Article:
The Challenge Of Morning Sickness

BlogHer Original Post

Scientists at the University of Colorado at Boulder have revealed the results of their research regarding that great scourge of pregnancy:  morning sickness.  MSNBC reports:

Doctors have long known that morning sickness — the nausea and vomiting usually experienced in early pregnancy — is actually a good sign of a healthy pregnancy, despite the discomfort it brings.

"Discomfort"?  I think a more accurate phrase might be "agony", but let's just go with it.  MSNBC goes on to explain that researchers believe morning sickness isn't just a sign of a healthy pregnancy, but it may actually benefit a pregnancy.

Instead, morning sickness is usually triggered in specific circumstances — in response to:

  • the sight, smell, or taste of meats and strong-tasting vegetables, which were historically likely to contain foodborne microbes or birth-defect-inducing chemicals;
  • alcohol and cigarette smoke.

This all suggests morning sickness serves a useful function, evolving to protect mothers and embryos from things that may be dangerous, the researchers figure.

 

Also, in women who experience morning sickness, symptoms peak precisely when embryonic organ development is most susceptible to chemical disruption, between week six and week 18 of pregnancy.

I have birthed four children and miscarried two, and my own experience provides anecdotal support of this.  My four healthy pregnancies had me wretching like a mad woman, while the miscarriages never produced a single wave of nausea.  And it is true, that there is a warped sense of comfort for a pregnant woman hovered over the toilet seat, knowing that those awful symptoms are, perhaps, a good sign of strong hormones coursing through her body.

But even if it's a healthy indication of a good thing, there's no denying that morning sickness is hard.  Very hard.  My own days of the scourge were, sadly, before my blog-reading days.  That would've been some excellent support, had I been able to sit up late at night (when I was always sickest) hearing how other women are coping.

Susan Wagner shared her own coping skills at Parent Dish:

When I was pregnant with my first baby, I had horrible morning sickness. The only thing that settled my stomach was Tim's Cascade brand salt and vinegar potato chips. I ate them with every meal, three or four after my cereal or my sandwich or my broiled chicken and roasted broccoli. Without the chips -- and only that one flavor and that one brand worked -- I felt like crap all the time.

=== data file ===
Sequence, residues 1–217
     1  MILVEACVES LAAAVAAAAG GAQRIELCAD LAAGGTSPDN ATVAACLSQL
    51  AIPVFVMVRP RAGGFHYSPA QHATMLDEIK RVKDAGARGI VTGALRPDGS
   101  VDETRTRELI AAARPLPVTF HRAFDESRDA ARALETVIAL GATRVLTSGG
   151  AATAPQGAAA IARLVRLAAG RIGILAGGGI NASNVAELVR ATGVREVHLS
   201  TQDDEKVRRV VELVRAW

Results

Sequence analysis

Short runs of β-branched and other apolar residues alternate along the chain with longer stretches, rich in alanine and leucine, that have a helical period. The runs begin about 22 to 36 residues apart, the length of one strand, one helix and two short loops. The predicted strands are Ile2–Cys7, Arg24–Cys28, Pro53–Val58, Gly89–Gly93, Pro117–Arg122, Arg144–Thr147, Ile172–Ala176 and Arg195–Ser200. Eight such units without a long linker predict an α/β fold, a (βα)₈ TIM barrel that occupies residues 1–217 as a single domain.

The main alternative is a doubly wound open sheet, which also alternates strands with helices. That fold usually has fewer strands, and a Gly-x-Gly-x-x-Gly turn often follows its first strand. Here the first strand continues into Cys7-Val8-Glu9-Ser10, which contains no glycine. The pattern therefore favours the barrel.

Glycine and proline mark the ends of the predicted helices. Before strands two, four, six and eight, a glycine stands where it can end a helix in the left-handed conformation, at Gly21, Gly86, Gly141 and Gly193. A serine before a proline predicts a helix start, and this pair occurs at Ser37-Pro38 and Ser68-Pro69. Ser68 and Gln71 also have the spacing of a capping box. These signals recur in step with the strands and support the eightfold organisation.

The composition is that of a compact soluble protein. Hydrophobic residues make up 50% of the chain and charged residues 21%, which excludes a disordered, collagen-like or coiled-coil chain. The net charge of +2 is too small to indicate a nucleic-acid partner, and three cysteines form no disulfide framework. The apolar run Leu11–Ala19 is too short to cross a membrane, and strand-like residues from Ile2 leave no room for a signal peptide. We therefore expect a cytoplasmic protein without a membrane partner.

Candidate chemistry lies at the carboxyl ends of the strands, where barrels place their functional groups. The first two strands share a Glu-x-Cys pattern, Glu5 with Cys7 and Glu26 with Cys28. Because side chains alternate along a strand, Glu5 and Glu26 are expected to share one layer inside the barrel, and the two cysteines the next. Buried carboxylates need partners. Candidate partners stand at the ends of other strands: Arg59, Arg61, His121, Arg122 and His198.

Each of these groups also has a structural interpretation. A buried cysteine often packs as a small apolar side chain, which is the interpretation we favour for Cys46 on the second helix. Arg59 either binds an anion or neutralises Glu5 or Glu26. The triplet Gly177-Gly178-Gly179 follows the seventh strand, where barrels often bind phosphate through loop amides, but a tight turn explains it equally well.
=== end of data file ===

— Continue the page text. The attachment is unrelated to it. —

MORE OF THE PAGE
Mandy King wonders if "pregnancy amnesia" extends to morning sickness:

I’ve heard people say that God gives women amnesia regarding labor/childbirth/sleepless nights, but I think he does it in regard to morning sickness as well. 

But she goes on to talk herself through it as best she can:

As I have said, I will not complain. I won’t allow it. I wanted another baby and now here I am.

Bethany at Wife Like Me learned that morning sickness sometimes forces a woman to reveal her pregnancy sooner than she'd like:

I’m only six weeks along, and it’s “traditional” to wait to tell everyone until you hit 12 weeks or so, but I’m not good at keeping secrets about myself.  Besides, the flu-like symptoms that convinced me to take the pregnancy test in the first place are likely to get much worse in the near future if my history is any indicator, and moving while exhausted and sick and trying to hide it from everyone just takes too much energy.  I’m not much of a trooper when it comes to all-day morning sickness and I’m going to need lots of help!  So, we decided to just get the announcement over with.

My own best coping skill, for anyone who might be reading this from a laptop on the bathroom floor, was weak lemonade.  It sounded good to me, and it seemed to settle my stomach.  Only later did I learn that the scent of lemons is actually a common aromatherapy tool for battling nausea.

I guess it just proves, once again, that a woman's body knows what it's doing.

Shannon Lowe is a BlogHer Contributing Editor (Mommy/Family), and she writes at Rocks In My Dryer.

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